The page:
When I met my friend for lunch, I could tell she was upset. She had started a new job over a year ago, and everything was going well. Many happy emails about her great work projects and the way her boss kept praising her work. Recently, the emails stopped. Then, a short email asking if I could meet for lunch.

I told her my job was going well and about the exciting projects I was working. She sighed and said that she had worked on some great projects but, was suddenly taken off all the projects. She was now relegated to tedious administrative tasks while her boss continually criticized her about her performance. Her boss used to love my friend’s work but, for the last six months, my friend couldn’t seem to do anything right.

I think I knew what was going on, but, I wanted to check further. So, I asked my friend if:

1. She suddenly had limited access to her boss.

2. Her boss stopped praising her in front of co-workers.

3. Her boss doesn’t respect her opinion anymore.

4. Any communications to higher-ups needed to go through her boss.

5. She was told by her boss not to speak at public events or people in other departments.

6. Her boss no longer talks about developing her.

7. Other managers seem to shun her.

My friend was amazed at how I knew all this was happening. I couldn’t claim credit because I had read about these signs from a 2017 Forbes article by Liz Ryan. Ms. Ryan wrote about how some bosses can become “spooked by a too-competent or too-confident subordinate for almost any reason — and once that happens, they will try to make your life miserable!”

Laptop screen showing "Do More."

Ms. Ryan explains that it takes little for a boss to become jealous of a successful subordinate. Just one successful presentation to senior management or success with a highly visible project is enough to scare your immediate supervisor.

“What do I do?” asked my friend.

Unfortunately, Ms. Ryan advises a stealth job search. Once your boss sees you as a threat, it will be impossible to convince him or her you are not. Staying will only damage your morale and your reputation for excellence.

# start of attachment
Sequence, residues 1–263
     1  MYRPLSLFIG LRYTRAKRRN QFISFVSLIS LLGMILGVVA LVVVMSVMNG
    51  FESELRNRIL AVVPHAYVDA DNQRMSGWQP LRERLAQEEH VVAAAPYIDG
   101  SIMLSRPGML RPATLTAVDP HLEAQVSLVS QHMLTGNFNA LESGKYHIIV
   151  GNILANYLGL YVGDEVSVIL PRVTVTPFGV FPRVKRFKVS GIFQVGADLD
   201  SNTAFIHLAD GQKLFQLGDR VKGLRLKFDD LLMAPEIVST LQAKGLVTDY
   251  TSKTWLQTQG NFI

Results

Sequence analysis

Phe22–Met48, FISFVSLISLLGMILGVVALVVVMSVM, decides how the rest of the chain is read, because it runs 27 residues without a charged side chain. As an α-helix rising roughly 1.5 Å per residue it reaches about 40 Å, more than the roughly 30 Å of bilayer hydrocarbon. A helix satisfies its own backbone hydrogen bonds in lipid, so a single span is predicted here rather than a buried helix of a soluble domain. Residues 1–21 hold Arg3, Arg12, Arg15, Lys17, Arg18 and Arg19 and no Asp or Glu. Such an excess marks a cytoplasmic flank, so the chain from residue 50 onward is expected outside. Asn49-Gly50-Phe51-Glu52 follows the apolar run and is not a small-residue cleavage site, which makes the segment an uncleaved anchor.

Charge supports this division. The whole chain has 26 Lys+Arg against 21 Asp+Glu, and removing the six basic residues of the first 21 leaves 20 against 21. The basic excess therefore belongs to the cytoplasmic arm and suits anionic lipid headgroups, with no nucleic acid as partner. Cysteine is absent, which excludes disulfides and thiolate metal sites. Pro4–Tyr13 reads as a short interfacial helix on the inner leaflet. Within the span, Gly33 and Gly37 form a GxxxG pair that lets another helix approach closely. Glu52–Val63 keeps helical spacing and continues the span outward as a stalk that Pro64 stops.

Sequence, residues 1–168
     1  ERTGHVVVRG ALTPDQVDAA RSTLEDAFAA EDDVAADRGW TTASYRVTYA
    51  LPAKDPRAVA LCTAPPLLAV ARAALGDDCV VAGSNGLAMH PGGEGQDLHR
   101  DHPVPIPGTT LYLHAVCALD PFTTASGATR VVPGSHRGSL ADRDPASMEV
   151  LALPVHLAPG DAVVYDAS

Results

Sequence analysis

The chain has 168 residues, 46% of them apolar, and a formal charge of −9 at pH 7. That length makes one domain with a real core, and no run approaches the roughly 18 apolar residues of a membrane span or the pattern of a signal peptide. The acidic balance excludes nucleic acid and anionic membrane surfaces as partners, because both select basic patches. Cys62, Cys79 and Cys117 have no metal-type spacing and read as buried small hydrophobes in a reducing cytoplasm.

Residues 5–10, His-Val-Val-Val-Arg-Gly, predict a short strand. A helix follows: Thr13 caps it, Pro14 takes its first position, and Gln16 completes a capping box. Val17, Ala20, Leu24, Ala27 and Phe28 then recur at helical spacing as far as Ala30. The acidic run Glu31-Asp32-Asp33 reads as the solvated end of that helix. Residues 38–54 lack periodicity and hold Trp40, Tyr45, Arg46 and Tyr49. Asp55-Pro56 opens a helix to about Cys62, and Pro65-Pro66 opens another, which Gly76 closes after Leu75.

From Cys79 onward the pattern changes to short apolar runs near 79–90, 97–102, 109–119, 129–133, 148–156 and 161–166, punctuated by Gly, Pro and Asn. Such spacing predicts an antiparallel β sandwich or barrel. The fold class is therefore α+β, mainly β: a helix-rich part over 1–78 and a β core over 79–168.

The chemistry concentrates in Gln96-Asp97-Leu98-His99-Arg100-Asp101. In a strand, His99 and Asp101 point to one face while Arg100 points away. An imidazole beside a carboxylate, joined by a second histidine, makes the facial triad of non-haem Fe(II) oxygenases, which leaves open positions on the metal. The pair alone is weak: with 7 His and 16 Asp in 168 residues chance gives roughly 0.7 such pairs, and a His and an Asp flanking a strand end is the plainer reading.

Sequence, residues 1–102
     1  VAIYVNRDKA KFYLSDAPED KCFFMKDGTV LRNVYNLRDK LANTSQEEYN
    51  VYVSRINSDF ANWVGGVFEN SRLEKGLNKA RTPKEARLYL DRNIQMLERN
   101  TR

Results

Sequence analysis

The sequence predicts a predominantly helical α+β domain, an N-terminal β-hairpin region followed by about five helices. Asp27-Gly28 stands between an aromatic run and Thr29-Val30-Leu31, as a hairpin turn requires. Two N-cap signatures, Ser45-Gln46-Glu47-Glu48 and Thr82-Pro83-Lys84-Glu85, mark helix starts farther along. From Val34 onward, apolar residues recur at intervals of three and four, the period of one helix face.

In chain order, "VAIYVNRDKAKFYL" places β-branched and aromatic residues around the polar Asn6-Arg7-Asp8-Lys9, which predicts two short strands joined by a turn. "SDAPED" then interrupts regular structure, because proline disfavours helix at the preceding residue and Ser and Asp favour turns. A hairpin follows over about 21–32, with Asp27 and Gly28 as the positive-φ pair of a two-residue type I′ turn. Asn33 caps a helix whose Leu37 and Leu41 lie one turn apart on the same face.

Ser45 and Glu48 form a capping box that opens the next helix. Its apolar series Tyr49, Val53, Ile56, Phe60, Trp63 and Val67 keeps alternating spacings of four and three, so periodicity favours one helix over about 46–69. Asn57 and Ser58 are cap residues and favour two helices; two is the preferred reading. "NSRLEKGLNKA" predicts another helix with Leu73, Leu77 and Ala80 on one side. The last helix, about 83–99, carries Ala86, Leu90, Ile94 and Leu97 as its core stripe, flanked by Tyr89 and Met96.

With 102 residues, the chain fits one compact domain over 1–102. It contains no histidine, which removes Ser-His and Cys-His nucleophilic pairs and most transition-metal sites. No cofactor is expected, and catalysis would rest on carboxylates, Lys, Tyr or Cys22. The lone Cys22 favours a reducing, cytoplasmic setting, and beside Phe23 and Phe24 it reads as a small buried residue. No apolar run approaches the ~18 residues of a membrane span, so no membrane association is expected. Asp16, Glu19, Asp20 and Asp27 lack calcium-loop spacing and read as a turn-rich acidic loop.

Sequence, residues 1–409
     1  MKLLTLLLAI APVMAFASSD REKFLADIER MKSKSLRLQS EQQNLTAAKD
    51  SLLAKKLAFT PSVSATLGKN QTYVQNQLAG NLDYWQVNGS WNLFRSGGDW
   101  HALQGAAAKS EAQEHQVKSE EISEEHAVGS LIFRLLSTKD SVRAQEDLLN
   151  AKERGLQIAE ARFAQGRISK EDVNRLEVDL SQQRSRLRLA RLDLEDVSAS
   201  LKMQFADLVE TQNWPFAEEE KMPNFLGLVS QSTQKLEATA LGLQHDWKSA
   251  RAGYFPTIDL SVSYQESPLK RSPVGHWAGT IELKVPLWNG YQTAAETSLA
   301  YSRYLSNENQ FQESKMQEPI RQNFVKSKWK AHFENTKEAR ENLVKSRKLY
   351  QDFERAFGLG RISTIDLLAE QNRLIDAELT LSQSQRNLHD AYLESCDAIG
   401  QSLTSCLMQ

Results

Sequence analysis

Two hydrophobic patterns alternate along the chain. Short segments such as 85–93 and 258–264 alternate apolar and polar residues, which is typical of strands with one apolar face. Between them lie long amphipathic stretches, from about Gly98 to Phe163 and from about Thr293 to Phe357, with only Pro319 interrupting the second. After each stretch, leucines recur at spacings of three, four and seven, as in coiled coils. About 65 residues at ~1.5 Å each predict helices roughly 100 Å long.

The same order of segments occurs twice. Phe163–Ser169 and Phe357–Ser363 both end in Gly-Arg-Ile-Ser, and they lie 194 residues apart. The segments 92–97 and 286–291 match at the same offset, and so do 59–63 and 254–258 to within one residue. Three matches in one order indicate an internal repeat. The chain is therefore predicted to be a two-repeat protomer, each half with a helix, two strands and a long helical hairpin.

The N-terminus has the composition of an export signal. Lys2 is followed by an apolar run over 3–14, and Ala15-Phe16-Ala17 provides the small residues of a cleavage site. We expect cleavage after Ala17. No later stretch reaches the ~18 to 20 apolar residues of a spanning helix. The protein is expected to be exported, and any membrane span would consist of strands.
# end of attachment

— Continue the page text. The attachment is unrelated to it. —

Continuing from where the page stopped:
While you are job searching, make sure that you are doing your best at even the most menial tasks assigned to you. Also, try to find objective evaluations of your work, such as customer reviews and sympathetic co-workers that you trust. Another way of keeping your morale up is to be active in professional associations and volunteer work. What you are trying to do is minimize any impact your boss’s opinion will have on you and any future employers.

“So, what do I say when they asked me why I left my previous job?”

Tell the truth; you wanted opportunities to develop yourself. Emphasize the accomplishments from your previous job and how these accomplishments encouraged to you grow your skills and abilities. Talk about how you used your work with the professional organization and volunteer groups to prepare you for your next move.

Above all: do not criticize your former boss. True that your former boss mistreated you by being jealous, but that is his or her problem and not yours. If you want to think about this way, your old boss was paying you a compliment by being jealous. A strange compliment but, think positive.

As I told my friend, it is not fair that being good at your job can lead to jealousy by your boss. However, this may be a lucky break for you because you will most likely find a better job. And a better boss who appreciates you and your talents.